Friday morning’s interview with Sonia Sly on Kiwi Summer was the most fun I have ever had on radio.
Radio New Zealand National was the most fair and balanced medium I dealt with when running for Mayor of Wellington in 2010, and I was glad that Sonia thought of me for its summer programming this year.
I joked to friends prior to the interview that 2011 was much like 2010: go on to National Radio to dis the Wellywood sign in the ﬁrst half of the year, and have a fun interview in the second half.
This was a casual, fun interview thanks to Sonia putting me at such ease. It goes on for a healthy 17 minutes, covering my involvement in Lucire, judging the Miss Universe New Zealand pageant, my branding work, including the Medinge Group, and my typeface design career. The feedback I have had is that people enjoyed it, and I’d like to share it with you all here. Here’s the link, and you can always ﬁnd it at the Kiwi Summer page for the day, where other formats are listed.
And if you’re wondering where the opening reading comes from, it’s taken from this review of the Aston Martin V8 Vantage I penned many years ago.
Frictionless sharing on Facebook, as I understand it, works largely as described in the diagrams at Shortstack. If you want more depth, ReadWriteWeb explains it.
But what if you have never authorized the application? In my case, I have never authorized anything from Disney or ABC. I double-checked today to see what apps I had in Facebook, and there’s no mention of anything from this corporation. I’ve nothing to hide, and the list of my authorized apps is shown below.
If that list is accurate, how could I possibly have shared the article as the ABC News social plug-in states at left?
My journal does not mention it, but I’ve learned to have a healthy scepticism when it comes to Facebook (or Google) and privacy.
Is Facebook tracking us even on sites that we have never authorized, just by virtue of their having a social plug-in? If that’s the case, then this is something that I never anticipatedâand it means that our understanding of frictionless sharing, and Facebook’s own assurances about it, were not accurate.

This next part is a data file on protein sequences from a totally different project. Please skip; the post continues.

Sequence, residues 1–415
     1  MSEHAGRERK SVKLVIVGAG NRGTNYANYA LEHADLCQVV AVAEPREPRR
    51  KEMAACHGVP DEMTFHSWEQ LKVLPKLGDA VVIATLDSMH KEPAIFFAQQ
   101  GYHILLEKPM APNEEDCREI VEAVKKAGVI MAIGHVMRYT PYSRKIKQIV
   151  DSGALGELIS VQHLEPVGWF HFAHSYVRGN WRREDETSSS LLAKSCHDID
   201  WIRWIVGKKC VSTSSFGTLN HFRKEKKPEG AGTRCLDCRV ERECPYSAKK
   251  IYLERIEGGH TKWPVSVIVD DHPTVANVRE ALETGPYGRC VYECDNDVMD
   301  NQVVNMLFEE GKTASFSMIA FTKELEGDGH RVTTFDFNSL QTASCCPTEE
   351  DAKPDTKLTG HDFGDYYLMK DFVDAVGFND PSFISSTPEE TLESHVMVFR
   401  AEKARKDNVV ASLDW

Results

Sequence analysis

PS.: I got two pop-ups today (December 21) of the same nature, this time while using Facebook. I think we can rule out Speed Dial as the reason.âJY
For the Firefox bofﬁns out there, I began using Super Start, after having trialled Speed Dial and Fast Dial over the past year or so.
These replicate what Opera users are used to with their Speed Dial, and what Google Toolbar users have with their menus. Your most accessed websites are shown to you in thumbnail format when you open a new tab.
Super Start is probably the best of them all so far. It’s compact, doesn’t seem to drain the resources, and you can program more than the eight that it comes with (I presently have 12).
I only began seeking an alternative to Speed Dial because OpenX ad pop-ups began appearing. I don’t know what was causing them, but since I work with only a small handful of sites, it seemed odd that these were appearing each time I opened a new tab, usually to begin searching with Duck Duck Go. I was reasonably sure they were not coming with the search engine, Facebook or our own company sites. They were quite hard to get rid of, with a script that had a new window open up if you closed the ﬁrst.
I have no proof that these were connected to Speed Dial, and they could have come from any website that I visited. Maybe there was a delay from another website (not uncommon). However, it’s equally odd that they have ceased to appear after I deleted Speed Dial and replaced it with Super Start. To my knowledge, Speed Dial sent me no notiﬁcation of a recent update that might have brought with it these pop-ups. At best, Speed Dial was the victim of unfortunate timing.
Again, I’m blogging this in case other computer users have had the same issue creep up recently. Maybe we can narrow down the cause of these sudden pop-ups.
If you’re a car nut, then you won’t be mourning, too much, the passing of former Czech president Vaclev HĂĄvel. Or, for that matter, Kim Jong Il. It’s Saab that has ﬁnally died as it ﬁles for bankruptcy after GM, which still licenses key technologies to the Swedish ﬁrm, vetoed its sale to Zhejiang Youngman Lotus Automobile.
GM has a JV with SAIC, the Shanghai automaker, and believes that if those technologies were to ﬁnd their way into the hands of a small upstart Chinese rival, it wouldn’t be to its advantage. Saab, which had been teetering on collapse since March, when it ﬁrst stopped production, decided to call in the receivers today.
GM had issued a statement at the weekend, saying, ‘Saabâs various new alternative proposals are not meaningfully different from what was originally proposed to General Motors and rejected âŠ Each proposal results either directly or indirectly in the transfer of control and/or ownership of the company in a manner that would be detrimental to GM and it shareholders. As such, GM cannot support any of these proposed alternatives.’
Swedish Automobile, the parent company of Saab, responded, ‘After having received the recent position of GM on the contemplated transaction with Saab Automobile, Youngman informed Saab Automobile that the funding to continue and complete the reorganization of Saab Automobile could not be concluded.
âThe Board of Saab Automobile subsequently decided that the company without further funding will be insolvent and that ﬁling bankruptcy is in the best interests of its creditors.’